However, the large vehicles required landing craft for the assault and then additional engineering support to even cross the beach. The German defenses held the upper hand and the Dieppe Raid was a complete failure for the Allies. Much of the decimated force was made up of Canadians.
It was in the fighting across North Africa that Churchills began to showcase their worth, providing much-needed protection through their thick armor and strong firepower through their now 6-pdr main guns.
They operated alongside infantry formations as well as other tank elements and cross-country capabilities proved sound. If the large tank suffered one noticeable limitation it was in its overall speed which made it hard to keep up with faster-mechanized formations.
Many improvements were also being made as battlefield experience allowed including riveted and hybrid construction of the original cast turret designs. Other improvements were added to help “tropicalize” the tank in the desert fighting. Additional armor was also eventually added and in-the-field fixes saw extra track sections, wheels, sandbags, and lumber used to further bolster protection.
Churchills played a crucial role in the October 1942 “Second Battle of El Alamein” which claimed a decisive (and much-needed) Allied victory. One action involving a Churchill tank led to the capture of the new German “Tiger I” heavy tank, allowing Allied war planners a complete example from which to learn its strengths and weaknesses.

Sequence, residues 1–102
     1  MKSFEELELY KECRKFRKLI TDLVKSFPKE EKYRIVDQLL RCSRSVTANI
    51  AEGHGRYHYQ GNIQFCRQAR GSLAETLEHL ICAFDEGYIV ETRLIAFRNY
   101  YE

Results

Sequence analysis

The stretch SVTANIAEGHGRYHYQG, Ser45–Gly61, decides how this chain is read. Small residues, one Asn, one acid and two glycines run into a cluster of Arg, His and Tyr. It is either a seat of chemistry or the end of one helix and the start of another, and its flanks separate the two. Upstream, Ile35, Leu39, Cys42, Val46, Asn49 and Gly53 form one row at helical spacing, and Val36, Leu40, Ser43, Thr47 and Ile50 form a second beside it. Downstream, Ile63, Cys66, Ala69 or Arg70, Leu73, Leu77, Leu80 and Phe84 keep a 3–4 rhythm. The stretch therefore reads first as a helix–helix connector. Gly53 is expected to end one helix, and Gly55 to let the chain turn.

The tank was then pressed into further service during the Italian campaign in the march to Rome and made up a major component of the British and Commonwealth armor push northwards. Throughout northern France, Churchills were also used during the June 1944 “D-Day” landings in Normandy, which proved critical to Allied success in Europe, and beyond. Through Lend-Lease, the Soviet Army was also able to utilize British Churchills during its actions near Kursk, though this resulted in a German tactical victory.
Churchills did not see combat service in the Pacific Theater but did go on to earn more combat experience during the Korean War (1950-1953). These actions marked the end of British support for its Churchills as worldwide armor doctrine now focused on the “Main Battle Tank” concept.
The British Tank Churchill served in many non-direct combat forms which helped to solidify its place in armored warfare history.
Variants included dedicated engineering versions, bridge layers, charge-layers, mine clearance vehicles (flails), flame tanks and converted Armored Personnel Carriers (APCs) under the “Kangaroo” name – Churchill offshoots ranged from the purposeful to the odd.
Despite its bygone appearance, the British Tank Churchill proved highly valued in the fighting of World War 2, helping to bring about complete Allied victory and an end to the war in Europe. Churchill tanks served the British from 1941 to 1952 with 7,368 produced of all marks and variants. Operators included (beyond the British) Australia, Canada, Iraq (Kingdom of), Ireland, Poland and the Soviet Union (via Lend-Lease). Irish Churchills were not retired until 1969 and the arrival of wartime Cruiser Tank Comets.
Australia, Canada, and Iraq all replaced their Churchills with Centurion Main Battle Tanks and Soviet Churchills were replaced by incoming stocks of Josef Stalin IS-3 and IS-10 series heavy tanks.
British Tank Churchill was manufactured by Vauxhall Motors, Woolwich Arsenal and Harland and Wolff of the U.K.